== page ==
Advanced search

Getting to the nn ''Red'' for a boy

(47 Posts)
Stateofgrace Sun 24-Mar-13 09:33:55

Hiya, not asking for me glances over at gorgeous snuggly newborn Elowen as I type this but a lady I met on the maternity ward a couple of weeks ago had a little boy and has been calling him ''Red'' ever since.
At first I was a bit hmm but it suits him so much and I cant imagine him as anything else now, iyswim.

They haven't registered him yet and after directing her to Mumsnet last week, she has now asked for help with a full or given name which could lend to the nn Red.

I know you could say that you could call him for example, Thomas and still get the nn Red, but she would like something with a closer link. Sonographer told her baby was going to be a girl, hence current situation and I don't think little Red is going to be happy as a Zoe...

Thanks in advance.

SoupDreggon Sun 24-Mar-13 09:35:34


UnChartered Sun 24-Mar-13 09:36:51


SpaghettiBologneighs Sun 24-Mar-13 09:39:18


Jacksterbear Sun 24-Mar-13 09:41:20

Ross (Rosso = Italian for red I think)

heidihole Sun 24-Mar-13 09:41:27


or look here
for names that mean red

almostanotherday Sun 24-Mar-13 09:41:53

How about a hyphenated name something like Thomas-Red then surname?

toomuch2young Sun 24-Mar-13 09:42:14

Has he red hair is this how the nn came about? If so I think any name would be fine and still have the nn Red.
Or isn't Red a name in its own right? Possibly spelt Redd?

Other names that came to mind-

Jasper - pretty sure Jasper means red.

SoupDreggon Sun 24-Mar-13 09:42:40

I believe Rory means something like Red

TrishkanOEUFak Sun 24-Mar-13 09:42:46

Message withdrawn at poster's request.

fanjodisfunction Sun 24-Mar-13 09:43:01


Both have red with in the name.

(I really want to name our baby if a boy Frederick and call him red for nn)

Stateofgrace Sun 24-Mar-13 09:45:54

No he hasn't red hair - thick, dark hair, I am not really sure how it came about tbh...she just came back up from labour ward and said ''he's called Red''.

Your suggestions are better than mine - Redfern.

Thanks ladies, I shall let her know that MN is on the case smile

VBisme Sun 24-Mar-13 09:47:07


Maryz Sun 24-Mar-13 09:47:07

Message withdrawn at poster's request.

janek Sun 24-Mar-13 09:47:51

There's a Ruskin in dd's class, so-called because he is red-headed.

mrsbungle Sun 24-Mar-13 09:48:43

My beautician's son is called red. Not short for anything.

I suggest Jared.

Stateofgrace Sun 24-Mar-13 09:50:22

I've just text her to ask why Red - she text back that she watched Shawshank whilst having contractions and fell in love with Morgan Freeman's character all over again...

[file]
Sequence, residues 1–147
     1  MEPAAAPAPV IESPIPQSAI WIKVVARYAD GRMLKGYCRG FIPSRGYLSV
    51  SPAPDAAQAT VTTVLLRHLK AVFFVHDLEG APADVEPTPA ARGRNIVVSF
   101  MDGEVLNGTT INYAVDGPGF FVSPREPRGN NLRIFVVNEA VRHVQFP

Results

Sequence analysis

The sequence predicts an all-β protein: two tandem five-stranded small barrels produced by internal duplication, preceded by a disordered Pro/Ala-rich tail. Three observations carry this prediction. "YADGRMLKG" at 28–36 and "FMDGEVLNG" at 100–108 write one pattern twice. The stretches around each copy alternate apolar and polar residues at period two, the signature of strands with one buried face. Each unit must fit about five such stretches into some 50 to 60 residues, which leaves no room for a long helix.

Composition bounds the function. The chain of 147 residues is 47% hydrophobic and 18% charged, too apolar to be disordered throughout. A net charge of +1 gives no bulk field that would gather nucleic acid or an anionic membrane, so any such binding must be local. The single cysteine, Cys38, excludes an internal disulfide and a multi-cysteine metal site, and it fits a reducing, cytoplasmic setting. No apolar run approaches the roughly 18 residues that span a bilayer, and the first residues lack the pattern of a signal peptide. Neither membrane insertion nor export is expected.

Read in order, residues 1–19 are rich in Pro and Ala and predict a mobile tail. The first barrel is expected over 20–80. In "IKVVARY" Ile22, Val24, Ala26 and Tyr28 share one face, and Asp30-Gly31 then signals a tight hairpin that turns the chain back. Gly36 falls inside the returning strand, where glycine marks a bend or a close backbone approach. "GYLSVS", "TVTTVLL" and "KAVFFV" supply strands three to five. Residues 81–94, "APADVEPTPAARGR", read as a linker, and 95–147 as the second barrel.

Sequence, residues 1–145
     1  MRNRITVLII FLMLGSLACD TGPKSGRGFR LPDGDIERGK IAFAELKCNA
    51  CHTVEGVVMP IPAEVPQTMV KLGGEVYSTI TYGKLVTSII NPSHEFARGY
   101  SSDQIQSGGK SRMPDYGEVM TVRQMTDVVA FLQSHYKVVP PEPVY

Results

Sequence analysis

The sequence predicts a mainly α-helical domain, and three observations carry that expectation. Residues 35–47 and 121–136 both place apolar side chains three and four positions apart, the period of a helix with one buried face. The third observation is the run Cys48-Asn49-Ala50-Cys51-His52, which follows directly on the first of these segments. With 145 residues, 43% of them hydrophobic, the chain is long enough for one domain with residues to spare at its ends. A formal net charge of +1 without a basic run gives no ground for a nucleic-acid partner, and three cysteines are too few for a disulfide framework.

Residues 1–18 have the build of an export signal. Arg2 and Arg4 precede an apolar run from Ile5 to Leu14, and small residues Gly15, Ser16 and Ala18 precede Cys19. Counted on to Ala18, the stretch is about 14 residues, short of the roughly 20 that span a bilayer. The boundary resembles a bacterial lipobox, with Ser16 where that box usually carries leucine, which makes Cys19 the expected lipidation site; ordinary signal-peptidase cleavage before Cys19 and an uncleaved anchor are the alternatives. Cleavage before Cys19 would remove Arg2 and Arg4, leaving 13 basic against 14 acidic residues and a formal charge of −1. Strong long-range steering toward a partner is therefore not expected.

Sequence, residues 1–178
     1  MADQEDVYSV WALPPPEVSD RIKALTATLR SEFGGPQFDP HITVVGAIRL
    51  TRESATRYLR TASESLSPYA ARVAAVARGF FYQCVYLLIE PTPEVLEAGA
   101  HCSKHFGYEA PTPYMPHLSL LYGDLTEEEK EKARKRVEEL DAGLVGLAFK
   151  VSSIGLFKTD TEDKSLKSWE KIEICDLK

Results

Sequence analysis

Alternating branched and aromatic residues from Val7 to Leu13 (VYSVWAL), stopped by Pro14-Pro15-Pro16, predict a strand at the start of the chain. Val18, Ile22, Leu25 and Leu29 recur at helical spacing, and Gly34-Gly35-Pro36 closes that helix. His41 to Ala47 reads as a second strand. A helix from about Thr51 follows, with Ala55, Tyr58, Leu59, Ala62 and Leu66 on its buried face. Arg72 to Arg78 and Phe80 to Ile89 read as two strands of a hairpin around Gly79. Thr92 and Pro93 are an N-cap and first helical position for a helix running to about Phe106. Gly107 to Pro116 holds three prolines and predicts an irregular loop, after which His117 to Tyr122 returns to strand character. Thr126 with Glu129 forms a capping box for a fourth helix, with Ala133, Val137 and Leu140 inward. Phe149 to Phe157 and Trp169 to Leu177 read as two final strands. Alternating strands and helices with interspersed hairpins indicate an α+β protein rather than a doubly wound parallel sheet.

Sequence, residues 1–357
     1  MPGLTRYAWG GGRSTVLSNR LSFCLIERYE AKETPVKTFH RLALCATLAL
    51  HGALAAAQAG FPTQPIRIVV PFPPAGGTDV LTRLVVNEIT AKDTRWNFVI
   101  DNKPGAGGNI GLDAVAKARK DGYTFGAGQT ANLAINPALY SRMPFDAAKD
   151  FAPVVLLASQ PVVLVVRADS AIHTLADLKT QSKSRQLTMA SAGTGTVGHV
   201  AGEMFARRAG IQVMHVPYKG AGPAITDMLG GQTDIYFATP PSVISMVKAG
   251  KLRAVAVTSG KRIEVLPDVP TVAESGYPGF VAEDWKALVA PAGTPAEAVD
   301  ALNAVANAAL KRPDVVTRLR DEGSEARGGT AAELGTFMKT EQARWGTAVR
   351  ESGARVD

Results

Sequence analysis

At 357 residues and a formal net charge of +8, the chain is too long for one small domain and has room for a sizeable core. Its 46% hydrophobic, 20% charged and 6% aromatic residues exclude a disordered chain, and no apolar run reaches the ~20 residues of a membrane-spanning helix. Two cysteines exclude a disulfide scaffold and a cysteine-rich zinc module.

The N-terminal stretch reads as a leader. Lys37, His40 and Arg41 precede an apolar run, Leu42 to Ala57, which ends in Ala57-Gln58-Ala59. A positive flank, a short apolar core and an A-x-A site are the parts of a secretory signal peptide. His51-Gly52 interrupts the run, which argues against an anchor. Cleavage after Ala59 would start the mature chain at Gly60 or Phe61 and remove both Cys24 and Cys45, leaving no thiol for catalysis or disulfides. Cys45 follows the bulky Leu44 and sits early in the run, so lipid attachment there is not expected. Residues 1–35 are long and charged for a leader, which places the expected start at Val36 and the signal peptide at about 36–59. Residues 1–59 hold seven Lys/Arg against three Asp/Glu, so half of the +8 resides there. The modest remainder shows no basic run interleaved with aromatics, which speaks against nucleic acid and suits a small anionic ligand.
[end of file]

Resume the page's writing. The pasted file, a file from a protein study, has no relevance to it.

thanks for all your suggestions thus far...

desertbaby Sun 24-Mar-13 09:50:39

Ruairidh or Rory both mean red headed but as he is dark locked then Jared seems the most sensible option?

RichManPoorManBeggarmanThief Sun 24-Mar-13 09:51:32

So long as their surname isn't Laurie (I shit you not- this was a genuine name someone I know used. I'm not sure she realised and I didnt dare ask)

SanityClause Sun 24-Mar-13 09:52:00

We called DD1 Bear or The Bear for the first year of her life. She is now 13, and is never called that. (her real name is something else, quite different.) so, please let her know that just because a name suits a baby, doesn't mean it will "stick".

But I do like some of the suggestions here, if she really wants to call him a name associated with his current nickname.

SanityClause Sun 24-Mar-13 09:53:06

Just read your recent post.

What about Morgan?

yawningmonster Sun 24-Mar-13 09:55:56


doradoo Sun 24-Mar-13 09:56:24

Could be completely unrelated of course.... my DDs NN is Boris - nothing to do with her name - more her unruly hair!

Stateofgrace Sun 24-Mar-13 09:58:23

..I suggested that, Sanity, but she thinks Morgan is mostly given to girls these days...

Interesting to hear that someone just called their child Red....I do think she wants a Sunday name though

She likes Ruairidh (her df is Irish so she has some good solid roots) but is concerned about the Irish spelling and isn't keen on Rory.

She also likes Reuben....

Iggly Sun 24-Mar-13 09:58:33

Just give him a name and call him red. A nickname doesn't have to be short for anything. It could be a term of endearment.

We did that same with our ds. His nickname does not derive from his actual name at all!

Join the discussion

Join the discussion

Registering is free, easy, and means you can join in the discussion, get discounts, win prizes and lots more.

Register now